How does placenta donation compare to organ donation? We have prepared a table that compares the steps to each process, and demonstrates that medically they are very similar. Parent’s Guide to Cord Blood Foundation is aware of at least 20 organizations that are collecting placenta donations in the United States. We were not able to summarize their financials, because most of them are subsidiaries of larger organizations: either they are part of a pharma company that develops products from the placenta, or they are a program at one of the non-profit OPOs that we have already described.
In a recent article about placenta donation titled, The Afterlife of the Afterbirth, a bioethicist at the University of Minnesota told MedPage Today (4): “What if women were given the full account, that some biobank is going to acquire it, process it, assign it value, and then it’s going to be marked up and sold again…. Some women might think twice.”
As part of informed consent, mothers giving birth should receive a full account of how their placenta donation might be used. It is illegal for the mother or her healthcare provider to be offered any financial incentive to donate. Accreditation standards require that the mother should not be in active labor or under the influence of drugs at the time of informed consent (15) . But it is unreasonable to expect that a biobank can acquire a donation, process it, and release it for patients without charging for their services. That is how procurement organizations stay in business and make it possible for patients to receive transplants and grafts of donated tissue.
The OPO industry used to have a problem with the perception that donated body parts get “marked up and sold again”. Back in 2012 the website MedicalTranscription.net provided data for an Infographic about organ values that was titled You Are Worth More Dead Than Alive (10). Since it first appeared on the internet, this graphic has been reproduced and quoted in the media countless times. The OPO industry overcame that negative perception by producing lots of educational materials that emphasized the lives saved and the patient benefits realized from organ donations. For example, the US government produced an animated video promoting organ donation that was uploaded in Sept 2019 (11). Nowhere over the course of this 5 minute video is anything shown about the finances involved. The entire focus is on saving lives.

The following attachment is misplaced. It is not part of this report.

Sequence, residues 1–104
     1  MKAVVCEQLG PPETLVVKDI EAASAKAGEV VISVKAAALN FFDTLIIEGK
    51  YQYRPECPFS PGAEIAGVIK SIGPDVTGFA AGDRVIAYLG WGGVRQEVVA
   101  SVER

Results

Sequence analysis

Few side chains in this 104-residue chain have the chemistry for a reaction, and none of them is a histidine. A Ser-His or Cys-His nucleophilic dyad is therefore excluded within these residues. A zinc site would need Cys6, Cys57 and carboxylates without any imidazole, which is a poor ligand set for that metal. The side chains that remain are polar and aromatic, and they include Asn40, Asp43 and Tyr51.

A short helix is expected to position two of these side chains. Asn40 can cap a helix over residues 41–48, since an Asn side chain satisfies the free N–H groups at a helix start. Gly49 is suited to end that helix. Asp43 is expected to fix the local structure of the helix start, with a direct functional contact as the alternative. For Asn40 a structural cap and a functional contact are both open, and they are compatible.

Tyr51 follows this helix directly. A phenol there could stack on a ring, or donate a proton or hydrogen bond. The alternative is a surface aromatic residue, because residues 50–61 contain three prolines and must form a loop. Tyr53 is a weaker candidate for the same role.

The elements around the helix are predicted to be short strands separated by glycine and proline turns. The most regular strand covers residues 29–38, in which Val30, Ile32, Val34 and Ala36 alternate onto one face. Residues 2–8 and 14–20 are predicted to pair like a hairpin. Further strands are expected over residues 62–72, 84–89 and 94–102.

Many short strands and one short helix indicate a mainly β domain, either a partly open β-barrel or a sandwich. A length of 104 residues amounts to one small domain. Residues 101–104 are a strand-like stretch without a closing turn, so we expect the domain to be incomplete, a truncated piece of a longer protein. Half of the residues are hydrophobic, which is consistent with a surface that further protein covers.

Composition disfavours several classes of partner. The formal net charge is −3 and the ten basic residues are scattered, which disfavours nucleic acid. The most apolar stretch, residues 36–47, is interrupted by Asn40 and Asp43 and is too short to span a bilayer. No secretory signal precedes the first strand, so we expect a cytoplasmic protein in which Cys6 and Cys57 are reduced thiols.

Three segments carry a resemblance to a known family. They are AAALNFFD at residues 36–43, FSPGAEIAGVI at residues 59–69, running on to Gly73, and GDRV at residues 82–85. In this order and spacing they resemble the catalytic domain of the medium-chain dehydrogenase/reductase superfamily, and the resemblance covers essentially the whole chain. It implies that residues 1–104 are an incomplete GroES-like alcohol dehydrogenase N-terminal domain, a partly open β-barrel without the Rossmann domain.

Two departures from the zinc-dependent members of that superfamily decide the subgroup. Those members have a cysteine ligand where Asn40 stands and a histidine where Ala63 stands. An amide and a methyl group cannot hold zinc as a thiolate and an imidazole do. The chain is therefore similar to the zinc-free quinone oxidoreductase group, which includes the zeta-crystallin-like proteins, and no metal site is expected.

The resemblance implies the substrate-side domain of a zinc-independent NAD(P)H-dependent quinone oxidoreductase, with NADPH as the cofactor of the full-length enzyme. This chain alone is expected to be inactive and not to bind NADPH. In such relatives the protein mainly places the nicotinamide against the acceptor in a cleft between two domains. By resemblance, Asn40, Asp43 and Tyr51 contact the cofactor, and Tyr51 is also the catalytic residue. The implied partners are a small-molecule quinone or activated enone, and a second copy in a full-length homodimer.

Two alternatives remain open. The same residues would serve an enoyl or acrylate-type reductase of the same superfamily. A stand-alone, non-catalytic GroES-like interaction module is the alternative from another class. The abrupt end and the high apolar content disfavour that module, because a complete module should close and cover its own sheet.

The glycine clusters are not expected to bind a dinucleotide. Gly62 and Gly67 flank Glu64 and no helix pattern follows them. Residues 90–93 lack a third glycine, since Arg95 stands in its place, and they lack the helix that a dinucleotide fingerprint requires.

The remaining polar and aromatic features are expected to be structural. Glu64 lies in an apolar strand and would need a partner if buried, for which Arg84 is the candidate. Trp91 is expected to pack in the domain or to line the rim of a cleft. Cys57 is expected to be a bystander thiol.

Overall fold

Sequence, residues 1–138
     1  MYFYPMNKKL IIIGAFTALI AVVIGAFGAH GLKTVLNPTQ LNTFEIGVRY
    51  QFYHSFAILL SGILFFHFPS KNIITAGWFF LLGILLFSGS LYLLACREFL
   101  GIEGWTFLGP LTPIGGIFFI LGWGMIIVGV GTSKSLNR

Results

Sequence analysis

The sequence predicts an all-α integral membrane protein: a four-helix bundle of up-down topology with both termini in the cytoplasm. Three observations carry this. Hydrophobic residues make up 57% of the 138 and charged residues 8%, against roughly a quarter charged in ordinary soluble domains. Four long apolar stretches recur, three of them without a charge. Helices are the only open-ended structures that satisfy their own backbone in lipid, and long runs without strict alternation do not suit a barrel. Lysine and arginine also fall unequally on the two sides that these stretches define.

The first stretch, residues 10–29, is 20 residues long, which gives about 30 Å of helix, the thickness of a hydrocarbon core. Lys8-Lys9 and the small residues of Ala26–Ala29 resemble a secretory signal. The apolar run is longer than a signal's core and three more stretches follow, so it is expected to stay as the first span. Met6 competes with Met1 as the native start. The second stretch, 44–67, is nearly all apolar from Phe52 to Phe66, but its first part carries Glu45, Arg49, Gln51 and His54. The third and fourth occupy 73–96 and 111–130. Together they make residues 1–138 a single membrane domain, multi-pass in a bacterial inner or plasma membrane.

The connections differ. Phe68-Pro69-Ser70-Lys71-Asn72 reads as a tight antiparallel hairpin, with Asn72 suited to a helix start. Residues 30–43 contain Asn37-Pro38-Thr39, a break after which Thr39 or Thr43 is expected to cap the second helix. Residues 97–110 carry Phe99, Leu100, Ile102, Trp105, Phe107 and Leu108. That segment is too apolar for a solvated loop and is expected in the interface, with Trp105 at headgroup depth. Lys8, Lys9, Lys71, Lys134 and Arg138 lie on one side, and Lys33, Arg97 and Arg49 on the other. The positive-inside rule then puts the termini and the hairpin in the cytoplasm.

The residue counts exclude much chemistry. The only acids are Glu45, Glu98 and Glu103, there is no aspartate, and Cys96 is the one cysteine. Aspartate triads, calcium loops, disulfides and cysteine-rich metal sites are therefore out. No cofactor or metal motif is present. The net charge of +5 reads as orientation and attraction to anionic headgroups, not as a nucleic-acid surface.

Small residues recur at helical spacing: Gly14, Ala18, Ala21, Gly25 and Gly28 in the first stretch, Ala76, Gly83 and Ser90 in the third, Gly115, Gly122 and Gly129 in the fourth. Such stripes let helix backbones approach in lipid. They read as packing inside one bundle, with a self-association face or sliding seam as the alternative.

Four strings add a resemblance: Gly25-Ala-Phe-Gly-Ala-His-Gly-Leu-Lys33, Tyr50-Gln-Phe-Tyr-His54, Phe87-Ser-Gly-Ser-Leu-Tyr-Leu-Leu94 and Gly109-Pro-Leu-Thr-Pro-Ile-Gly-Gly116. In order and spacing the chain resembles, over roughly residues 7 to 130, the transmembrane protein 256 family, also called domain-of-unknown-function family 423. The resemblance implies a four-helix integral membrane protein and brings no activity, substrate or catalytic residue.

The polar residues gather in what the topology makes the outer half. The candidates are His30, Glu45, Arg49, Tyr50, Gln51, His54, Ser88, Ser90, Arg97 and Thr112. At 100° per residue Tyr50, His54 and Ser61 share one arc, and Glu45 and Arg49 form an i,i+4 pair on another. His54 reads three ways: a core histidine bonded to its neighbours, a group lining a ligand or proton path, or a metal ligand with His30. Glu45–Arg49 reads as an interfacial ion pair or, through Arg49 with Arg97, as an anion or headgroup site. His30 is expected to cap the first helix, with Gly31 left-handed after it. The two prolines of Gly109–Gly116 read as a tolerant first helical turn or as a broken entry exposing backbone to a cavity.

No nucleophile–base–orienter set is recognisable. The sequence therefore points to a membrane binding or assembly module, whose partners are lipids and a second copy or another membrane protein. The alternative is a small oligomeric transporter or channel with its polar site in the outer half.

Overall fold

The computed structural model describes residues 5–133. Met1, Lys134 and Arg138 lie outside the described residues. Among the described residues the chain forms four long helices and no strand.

This is the bottom line throughout the industries that process medical donations. It costs a lot of money to test and prepare donations for patients, and in the end the supplier must be reimbursed. When the Red Cross delivers blood transfusions to a hospital, they are paid for the product (12). When Be The Match releases donated cord blood for a transplant, they get Paid (13). When OPOs provide organs for transplant, they get paid (5-10). And yes, when companies provide products made from donated placentas, they are also paid (14).
Placenta donation deserves the same respect accorded to donations of organs, tissues, and eyes. There are numerous medical products manufactured from placentas that are routinely used in FDA-approved treatments and clinical trials (see the table). The birth tissue industry has to push back against the media perception that placenta donation is a scam perpetuated on mothers at a vulnerable time. They need to produce more educational materials about how patients are helped by the donations, and stress their adherence to quality guidelines around informed consent and handling of tissues. Through improved public education, hopefully placenta donation will come to be regarded in the same positive light as organ donation.